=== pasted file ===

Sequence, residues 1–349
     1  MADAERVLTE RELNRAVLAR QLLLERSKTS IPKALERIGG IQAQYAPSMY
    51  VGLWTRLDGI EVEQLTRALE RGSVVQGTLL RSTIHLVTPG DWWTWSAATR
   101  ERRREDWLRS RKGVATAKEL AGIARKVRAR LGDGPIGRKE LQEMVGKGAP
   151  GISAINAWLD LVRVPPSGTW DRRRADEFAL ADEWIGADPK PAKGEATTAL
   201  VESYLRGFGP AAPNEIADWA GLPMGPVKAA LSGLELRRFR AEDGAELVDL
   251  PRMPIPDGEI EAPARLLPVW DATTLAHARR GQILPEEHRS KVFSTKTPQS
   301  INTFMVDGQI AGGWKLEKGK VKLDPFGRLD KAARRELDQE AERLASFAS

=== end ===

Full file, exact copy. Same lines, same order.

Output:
Sequence, residues 1–349
     1  MADAERVLTE RELNRAVLAR QLLLERSKTS IPKALERIGG IQAQYAPSMY
    51  VGLWTRLDGI EVEQLTRALE RGSVVQGTLL RSTIHLVTPG DWWTWSAATR
   101  ERRREDWLRS RKGVATAKEL AGIARKVRAR LGDGPIGRKE LQEMVGKGAP
   151  GISAINAWLD LVRVPPSGTW DRRRADEFAL ADEWIGADPK PAKGEATTAL
   201  VESYLRGFGP AAPNEIADWA GLPMGPVKAA LSGLELRRFR AEDGAELVDL
   251  PRMPIPDGEI EAPARLLPVW DATTLAHARR GQILPEEHRS KVFSTKTPQS
   301  INTFMVDGQI AGGWKLEKGK VKLDPFGRLD KAARRELDQE AERLASFAS